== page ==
So if the Arts Council of England could actually deliver some real insight into how to make the experience more relevant for people, that would be a pretty valuable service.

However, as Carter points out later in that second entry, there are many examples of artists whose work was initially rejected before being lauded. Some died before others began to recognize the value in the work they missed before. We see this sort of thing happen all the time in our lives. Movies and shows that did poorly both critically and economically suddenly become cult classics.

The Rocky Horror Picture Show became immensely popular after it initially flopped. But it is also a good example of something whose value exploded after people were able to participate and take ownership of the experience.

Even if it is an accurate reflection of how people are receiving something, the research is only going to be valuable to a point.

The problem, however, with creating a metric is that often that metric becomes fetishized as the measure of value rather than one element among many that can help us understand how an art work and the experience surrounding it is received.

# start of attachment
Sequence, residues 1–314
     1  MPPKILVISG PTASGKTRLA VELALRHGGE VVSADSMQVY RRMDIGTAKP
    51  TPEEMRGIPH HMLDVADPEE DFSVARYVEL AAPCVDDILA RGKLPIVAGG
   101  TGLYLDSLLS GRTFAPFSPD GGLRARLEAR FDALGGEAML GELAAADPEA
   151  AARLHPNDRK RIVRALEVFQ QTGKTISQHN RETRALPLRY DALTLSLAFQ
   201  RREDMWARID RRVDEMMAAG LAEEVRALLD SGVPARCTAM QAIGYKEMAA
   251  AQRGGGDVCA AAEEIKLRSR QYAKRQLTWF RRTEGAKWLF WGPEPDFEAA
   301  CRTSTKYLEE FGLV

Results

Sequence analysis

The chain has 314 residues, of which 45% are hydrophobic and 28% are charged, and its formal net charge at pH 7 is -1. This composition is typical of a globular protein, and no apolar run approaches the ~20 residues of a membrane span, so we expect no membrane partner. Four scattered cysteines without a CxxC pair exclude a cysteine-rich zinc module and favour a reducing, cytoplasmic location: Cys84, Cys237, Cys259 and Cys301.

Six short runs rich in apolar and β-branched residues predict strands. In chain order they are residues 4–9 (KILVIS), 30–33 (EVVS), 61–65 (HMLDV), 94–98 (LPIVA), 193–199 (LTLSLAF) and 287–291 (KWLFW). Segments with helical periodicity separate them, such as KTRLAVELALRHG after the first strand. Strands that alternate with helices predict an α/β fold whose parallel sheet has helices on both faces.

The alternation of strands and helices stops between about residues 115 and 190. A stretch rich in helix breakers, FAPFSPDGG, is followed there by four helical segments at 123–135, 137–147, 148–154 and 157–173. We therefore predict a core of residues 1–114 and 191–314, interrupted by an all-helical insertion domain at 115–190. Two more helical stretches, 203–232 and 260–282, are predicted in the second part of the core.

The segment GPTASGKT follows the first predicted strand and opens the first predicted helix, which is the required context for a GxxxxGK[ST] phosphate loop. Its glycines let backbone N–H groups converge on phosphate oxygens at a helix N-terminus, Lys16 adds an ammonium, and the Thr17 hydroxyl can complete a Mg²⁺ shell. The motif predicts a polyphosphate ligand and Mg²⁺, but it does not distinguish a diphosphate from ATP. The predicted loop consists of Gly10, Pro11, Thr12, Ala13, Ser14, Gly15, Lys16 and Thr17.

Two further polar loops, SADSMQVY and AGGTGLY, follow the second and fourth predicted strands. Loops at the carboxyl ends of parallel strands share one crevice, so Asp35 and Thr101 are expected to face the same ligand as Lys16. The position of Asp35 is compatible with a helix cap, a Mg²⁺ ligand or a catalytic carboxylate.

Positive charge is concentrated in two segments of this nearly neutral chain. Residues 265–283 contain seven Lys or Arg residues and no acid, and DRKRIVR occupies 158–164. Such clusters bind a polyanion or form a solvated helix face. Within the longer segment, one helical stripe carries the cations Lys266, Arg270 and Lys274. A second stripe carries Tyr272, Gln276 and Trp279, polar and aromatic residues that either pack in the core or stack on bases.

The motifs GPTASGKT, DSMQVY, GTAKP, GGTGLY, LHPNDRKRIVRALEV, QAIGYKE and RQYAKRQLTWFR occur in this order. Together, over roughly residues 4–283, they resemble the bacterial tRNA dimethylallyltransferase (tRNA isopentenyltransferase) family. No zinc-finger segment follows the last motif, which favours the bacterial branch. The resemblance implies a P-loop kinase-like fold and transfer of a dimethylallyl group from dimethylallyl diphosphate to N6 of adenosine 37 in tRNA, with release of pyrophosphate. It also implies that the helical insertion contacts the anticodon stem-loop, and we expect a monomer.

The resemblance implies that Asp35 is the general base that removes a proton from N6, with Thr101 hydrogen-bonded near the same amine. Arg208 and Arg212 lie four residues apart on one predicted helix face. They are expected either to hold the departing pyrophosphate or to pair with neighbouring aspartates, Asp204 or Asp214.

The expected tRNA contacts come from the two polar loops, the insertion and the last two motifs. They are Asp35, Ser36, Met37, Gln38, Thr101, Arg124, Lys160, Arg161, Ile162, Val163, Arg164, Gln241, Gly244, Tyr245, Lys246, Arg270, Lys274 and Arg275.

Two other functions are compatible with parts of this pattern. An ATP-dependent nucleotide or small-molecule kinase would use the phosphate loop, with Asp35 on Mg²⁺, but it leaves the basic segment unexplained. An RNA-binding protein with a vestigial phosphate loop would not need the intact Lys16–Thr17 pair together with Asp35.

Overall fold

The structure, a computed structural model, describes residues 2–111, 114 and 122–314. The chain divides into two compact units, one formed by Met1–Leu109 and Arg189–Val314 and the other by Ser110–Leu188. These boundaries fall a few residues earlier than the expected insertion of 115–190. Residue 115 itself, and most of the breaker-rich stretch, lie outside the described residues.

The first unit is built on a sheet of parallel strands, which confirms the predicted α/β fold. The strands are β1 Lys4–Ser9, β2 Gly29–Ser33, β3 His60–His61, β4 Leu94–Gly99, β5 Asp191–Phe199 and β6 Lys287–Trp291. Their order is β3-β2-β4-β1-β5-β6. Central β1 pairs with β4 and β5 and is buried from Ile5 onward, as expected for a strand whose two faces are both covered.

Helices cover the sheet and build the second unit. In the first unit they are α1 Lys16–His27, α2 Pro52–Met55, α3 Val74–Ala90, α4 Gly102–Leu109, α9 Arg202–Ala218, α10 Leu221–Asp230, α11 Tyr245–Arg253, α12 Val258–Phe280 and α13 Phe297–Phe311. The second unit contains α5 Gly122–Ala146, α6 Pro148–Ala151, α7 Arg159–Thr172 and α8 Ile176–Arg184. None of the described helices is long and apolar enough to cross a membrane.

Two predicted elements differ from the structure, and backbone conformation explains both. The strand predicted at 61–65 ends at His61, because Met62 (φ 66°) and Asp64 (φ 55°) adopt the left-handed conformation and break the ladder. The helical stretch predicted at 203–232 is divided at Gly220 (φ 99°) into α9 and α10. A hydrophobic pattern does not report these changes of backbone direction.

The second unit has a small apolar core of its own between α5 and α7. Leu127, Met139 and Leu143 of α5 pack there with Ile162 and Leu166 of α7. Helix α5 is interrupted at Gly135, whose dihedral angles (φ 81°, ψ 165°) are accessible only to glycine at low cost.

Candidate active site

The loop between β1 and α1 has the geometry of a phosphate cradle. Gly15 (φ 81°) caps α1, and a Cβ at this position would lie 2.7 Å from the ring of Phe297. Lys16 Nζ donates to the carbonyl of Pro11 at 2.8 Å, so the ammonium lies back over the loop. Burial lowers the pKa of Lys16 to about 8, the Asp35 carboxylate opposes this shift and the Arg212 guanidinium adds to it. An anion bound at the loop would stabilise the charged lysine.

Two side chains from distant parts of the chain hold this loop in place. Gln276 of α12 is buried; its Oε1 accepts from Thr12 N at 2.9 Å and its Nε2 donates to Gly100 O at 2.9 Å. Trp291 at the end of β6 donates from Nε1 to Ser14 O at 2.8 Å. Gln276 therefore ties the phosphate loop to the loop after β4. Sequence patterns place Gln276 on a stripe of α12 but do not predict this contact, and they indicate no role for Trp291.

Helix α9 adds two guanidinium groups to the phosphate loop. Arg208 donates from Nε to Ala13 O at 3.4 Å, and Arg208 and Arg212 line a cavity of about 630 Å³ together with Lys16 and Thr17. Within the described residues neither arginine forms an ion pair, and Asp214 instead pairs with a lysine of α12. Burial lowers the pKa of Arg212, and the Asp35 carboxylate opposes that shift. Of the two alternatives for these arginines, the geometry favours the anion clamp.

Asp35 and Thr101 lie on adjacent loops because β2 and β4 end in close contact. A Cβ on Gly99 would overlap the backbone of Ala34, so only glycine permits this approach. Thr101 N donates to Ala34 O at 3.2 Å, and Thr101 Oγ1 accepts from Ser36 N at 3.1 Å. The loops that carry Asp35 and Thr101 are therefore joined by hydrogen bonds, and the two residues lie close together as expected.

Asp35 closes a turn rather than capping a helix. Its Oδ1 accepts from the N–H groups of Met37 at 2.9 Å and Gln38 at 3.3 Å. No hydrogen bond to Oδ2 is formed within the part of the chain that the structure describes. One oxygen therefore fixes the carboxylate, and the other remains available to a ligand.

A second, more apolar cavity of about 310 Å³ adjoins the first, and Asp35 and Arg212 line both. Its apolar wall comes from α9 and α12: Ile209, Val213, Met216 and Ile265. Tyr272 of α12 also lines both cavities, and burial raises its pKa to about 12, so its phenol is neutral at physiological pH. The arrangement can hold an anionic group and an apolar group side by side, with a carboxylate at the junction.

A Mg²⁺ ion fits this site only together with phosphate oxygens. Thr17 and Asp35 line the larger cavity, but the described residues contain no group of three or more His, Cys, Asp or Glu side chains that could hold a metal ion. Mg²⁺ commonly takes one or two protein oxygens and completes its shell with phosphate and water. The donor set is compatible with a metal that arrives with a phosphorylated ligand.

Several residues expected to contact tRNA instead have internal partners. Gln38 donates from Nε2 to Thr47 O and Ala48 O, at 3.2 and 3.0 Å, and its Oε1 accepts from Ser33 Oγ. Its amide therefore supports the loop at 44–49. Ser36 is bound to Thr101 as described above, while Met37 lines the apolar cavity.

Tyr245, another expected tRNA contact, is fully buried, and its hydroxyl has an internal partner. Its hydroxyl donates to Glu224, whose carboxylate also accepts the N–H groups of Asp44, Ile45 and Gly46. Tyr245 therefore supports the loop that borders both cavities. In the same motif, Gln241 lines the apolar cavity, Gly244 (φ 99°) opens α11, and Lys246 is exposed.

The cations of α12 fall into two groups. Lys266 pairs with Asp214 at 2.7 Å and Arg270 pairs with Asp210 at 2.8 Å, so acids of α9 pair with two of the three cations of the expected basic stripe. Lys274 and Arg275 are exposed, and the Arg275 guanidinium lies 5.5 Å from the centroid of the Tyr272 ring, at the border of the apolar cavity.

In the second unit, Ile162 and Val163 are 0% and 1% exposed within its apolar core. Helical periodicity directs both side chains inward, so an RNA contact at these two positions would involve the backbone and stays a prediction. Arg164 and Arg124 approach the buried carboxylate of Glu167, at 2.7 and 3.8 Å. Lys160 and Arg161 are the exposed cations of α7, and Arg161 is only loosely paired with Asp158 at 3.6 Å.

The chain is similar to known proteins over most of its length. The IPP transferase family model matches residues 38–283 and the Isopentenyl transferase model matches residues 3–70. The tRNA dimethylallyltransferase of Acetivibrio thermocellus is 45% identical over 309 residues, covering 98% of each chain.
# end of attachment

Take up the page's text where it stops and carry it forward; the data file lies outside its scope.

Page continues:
As Carter notes, quoting Oscar Wilde, even when we talk about a metric someone else is using, the meaning of that metric may not be shared by both parties. Thus the #NotMyMetric title of this post.

(my emphasis)

There is a reason bean counting number crunchers have so much authority in the arts, and mainly it is for the good. The arts are a business and need to function as such. But it is also important to not let that world view overreach itself. We need to be careful in not putting the cart before the horse. In many ways the arts are the exact opposite of what the counters are, and see, and value.

The ever impish and ironical Oscar Wilde understood this predicament:

“When Bankers get together for dinner, they discuss Art. When Artists get together for dinner, they discuss Money.”

There is a mutual interest, in other words, but neither does it mean a banker thinks of art as an artist does, values it for the same things in the same way, and equally true of artists’ attitude towards money, but especially that this does not mean they should be left in charge of one another’s concerns. A ‘dinner table’ acquaintance is insufficient for the real work that needs to be done.